1st Class, Ba Economics and Philosophy, University College London (UCL)

CREATIVE WRITING

CASE STUDY

This is an outline for a bespoke 1:1 tuition programme suitable for English Literature, Language, Creative Writing, Film, Television or Drama applicants.

 

The syllabus will be based largely around the student’s personal tastes as well some important classics. We will analyse why the texts they like work so well and how they can apply this to their own practice. The student will also gain an understanding of the history and evolution of dramatic writing.

 

What is Drama?

(3 hours) 

 


What do Aeschylus’s Oresteia and Christopher Nolan’s The Dark Knight have in common? In this module we’ll look at the age-old building blocks of dramatic writing. The student will read Aristotle’s Poetics and learn to apply Aristotle's principles to modern theatre, film, and television.  

 

We’ll look at how stories are driven by characters’ intentions, obstacles, and tactics.

 

The student will then begin to develop a pair of characters and write a selection of scenes between them, using a variety of intentions, obstacles, and tactics each time.

European Theatre

(2 hours)

 

The student will explore a series of significant European theatre movements, starting with Ancient Greece and ending with the present day.

 

Focusing on areas of interest to the student, these lessons may focus on Greek tragedy, Shakespeare and the Renaissance, late 19th-century naturalism, theatre of the absurd, or post-dramatic theatre. These sessions will be taught through a mixture of analysis and creative response.

 

This module offers a degree-level understanding of how drama has developed over the last 2500 years, and will allow the student to show a breadth of reading and understanding that goes far beyond A-level or IB curricula. 

 

Storytelling in Pictures
(2.5 hours)  

 

 

The student will look at how screenwriters and directors use pictures, rather than dialogue, to tell dramatic stories. Through studying a diverse range of films, such as Pixar’s WALL-E and Paul Thomas Anderson’s There Will Be Blood, the student will examine how images and actions are used to build three-dimensional characters and detailed cinematic worlds.

 

Using this new understanding, the student will conceive and write a short script without using dialogue.

 

This module will help develop an awareness of how dramatic writing can adapt to new mediums. This in-depth and individualized knowledge will help the student to stand out in interviews.

 

Episodic Storytelling

(3 hours) 

 

The tutor will introduce the student to some of the best television programs of the last 10 years and analyse how writers build stories that work on both an episode-by-episode basis and contribute to a longer story arc. These sessions will explore the difference between story-of-the-week and serialised structures, how the sitcom is constructed differently to the drama, and how pilot episodes set up their characters, conflicts, and imagined worlds.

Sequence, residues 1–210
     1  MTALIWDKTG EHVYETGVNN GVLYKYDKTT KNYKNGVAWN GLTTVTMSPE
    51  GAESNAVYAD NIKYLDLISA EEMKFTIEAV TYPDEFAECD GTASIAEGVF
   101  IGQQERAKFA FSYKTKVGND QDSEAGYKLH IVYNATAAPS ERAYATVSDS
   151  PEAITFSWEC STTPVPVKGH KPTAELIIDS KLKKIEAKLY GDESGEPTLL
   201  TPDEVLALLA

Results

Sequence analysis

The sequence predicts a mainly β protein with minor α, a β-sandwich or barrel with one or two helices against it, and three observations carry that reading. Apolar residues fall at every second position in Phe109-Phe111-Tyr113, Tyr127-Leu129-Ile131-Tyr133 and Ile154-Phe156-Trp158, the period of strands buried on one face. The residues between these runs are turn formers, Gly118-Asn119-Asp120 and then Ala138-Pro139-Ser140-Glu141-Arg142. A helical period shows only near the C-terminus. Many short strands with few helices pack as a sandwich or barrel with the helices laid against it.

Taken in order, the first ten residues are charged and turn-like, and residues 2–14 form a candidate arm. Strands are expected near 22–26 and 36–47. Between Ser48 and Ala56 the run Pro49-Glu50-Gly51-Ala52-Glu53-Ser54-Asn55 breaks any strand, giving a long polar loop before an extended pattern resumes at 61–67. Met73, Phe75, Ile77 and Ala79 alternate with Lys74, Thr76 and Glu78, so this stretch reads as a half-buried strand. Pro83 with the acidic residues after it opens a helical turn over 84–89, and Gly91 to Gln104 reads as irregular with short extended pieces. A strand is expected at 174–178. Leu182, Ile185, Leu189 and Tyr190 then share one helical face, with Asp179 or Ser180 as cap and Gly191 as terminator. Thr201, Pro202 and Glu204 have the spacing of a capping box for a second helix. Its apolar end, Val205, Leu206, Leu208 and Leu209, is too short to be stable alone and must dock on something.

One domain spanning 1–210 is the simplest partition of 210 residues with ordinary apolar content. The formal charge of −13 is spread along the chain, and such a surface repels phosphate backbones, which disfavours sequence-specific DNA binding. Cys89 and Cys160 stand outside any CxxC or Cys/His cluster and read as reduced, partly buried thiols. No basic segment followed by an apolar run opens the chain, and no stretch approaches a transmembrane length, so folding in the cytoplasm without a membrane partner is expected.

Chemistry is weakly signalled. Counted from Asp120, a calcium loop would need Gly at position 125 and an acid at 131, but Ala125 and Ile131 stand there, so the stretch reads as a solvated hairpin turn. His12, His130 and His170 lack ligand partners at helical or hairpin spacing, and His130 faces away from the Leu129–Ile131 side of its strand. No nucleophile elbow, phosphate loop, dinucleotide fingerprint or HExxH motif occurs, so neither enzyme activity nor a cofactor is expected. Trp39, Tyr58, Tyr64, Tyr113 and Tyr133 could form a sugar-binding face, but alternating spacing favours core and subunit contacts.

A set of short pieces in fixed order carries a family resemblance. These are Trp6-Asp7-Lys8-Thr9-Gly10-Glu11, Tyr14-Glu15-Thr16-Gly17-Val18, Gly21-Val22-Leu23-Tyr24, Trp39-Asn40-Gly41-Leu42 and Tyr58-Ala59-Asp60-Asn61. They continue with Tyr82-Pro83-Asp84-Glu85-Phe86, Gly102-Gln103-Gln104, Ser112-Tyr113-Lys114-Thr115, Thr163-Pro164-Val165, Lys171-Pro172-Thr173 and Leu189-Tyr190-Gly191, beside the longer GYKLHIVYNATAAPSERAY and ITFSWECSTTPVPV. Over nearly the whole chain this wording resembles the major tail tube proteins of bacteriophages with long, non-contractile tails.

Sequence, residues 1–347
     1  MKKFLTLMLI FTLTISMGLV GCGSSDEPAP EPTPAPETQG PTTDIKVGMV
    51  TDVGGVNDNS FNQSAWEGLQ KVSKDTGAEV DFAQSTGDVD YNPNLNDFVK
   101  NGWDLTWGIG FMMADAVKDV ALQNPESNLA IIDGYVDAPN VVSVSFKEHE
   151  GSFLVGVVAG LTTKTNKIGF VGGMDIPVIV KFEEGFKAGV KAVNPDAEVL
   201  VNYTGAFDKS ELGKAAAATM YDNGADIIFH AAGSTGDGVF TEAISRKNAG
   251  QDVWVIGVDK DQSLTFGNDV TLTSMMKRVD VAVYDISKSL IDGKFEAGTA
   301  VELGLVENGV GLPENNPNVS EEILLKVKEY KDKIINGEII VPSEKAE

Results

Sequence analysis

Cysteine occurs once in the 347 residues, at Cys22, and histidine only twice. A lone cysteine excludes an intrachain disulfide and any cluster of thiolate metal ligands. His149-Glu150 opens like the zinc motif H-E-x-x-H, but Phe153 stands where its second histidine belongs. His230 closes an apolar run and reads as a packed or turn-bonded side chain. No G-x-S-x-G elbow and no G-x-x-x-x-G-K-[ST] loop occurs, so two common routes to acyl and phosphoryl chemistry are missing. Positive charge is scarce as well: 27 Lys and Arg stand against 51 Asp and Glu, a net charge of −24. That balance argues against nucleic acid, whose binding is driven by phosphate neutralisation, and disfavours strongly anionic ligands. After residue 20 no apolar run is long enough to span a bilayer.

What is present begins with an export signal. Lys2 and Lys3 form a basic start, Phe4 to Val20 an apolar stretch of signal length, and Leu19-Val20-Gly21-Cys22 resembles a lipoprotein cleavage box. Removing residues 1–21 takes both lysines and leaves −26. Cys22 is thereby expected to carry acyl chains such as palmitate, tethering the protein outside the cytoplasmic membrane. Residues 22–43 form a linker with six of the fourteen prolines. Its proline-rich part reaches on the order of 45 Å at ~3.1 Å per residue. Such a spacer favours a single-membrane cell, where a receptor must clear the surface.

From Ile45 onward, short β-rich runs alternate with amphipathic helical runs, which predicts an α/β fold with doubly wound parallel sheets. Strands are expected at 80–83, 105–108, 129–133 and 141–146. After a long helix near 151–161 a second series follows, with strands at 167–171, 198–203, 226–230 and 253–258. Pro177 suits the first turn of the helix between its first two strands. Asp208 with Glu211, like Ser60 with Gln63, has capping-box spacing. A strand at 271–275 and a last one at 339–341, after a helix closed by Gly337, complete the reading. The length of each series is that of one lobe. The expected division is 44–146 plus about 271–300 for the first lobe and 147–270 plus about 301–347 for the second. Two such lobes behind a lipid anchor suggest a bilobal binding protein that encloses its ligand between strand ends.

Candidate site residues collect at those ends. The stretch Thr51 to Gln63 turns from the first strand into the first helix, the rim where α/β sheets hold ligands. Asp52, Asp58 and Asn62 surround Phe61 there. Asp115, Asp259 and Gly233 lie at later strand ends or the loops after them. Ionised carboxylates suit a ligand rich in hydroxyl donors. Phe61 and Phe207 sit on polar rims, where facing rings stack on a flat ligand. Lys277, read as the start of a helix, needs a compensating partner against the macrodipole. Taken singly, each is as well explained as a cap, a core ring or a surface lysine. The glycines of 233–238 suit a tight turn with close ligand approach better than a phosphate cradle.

Using this new understanding, the student will prepare a pitch for their own television drama.

 

These sessions will also give the student an understanding of how the ancient rules of drama are applied to current art forms. 

 

 

Genre

 (3 hours) 

 

The student will investigate genre conventions in cinema, how they can be used productively, and the ways in which they can be restrictive. Guided by the tutor, the student will examine horror, sci-fi, romantic comedy, and coming-of-age stories, identify their signature elements, and explore films that use these generic traits in surprising ways.

 

These sessions will give the student a strong understanding of genre conventions, allowing them to analyse how texts are adhering to and diverging from generic conventions in order to manipulate their audiences.

 

 

Final Project &

Personal Statement 

(1.5 hours)

 

 

Building on the texts and materials they have studied, the student will work closely with the tutor to develop an idea for a short script. The student will write a draft of the script, which the tutor will critique, with reference to the texts and ideas covered during the course. 

 

We will then integrate the student’s new degree-level understanding of the history and evolution of dramatic writing into their personal statement, with direct reference to their own creative practice.

All of our programmes​ are entirely bespoke: what you saw above was just an example. 

 

Our tutors will speak to you to understand your precise needs, and build a programme that feels right and is exciting.

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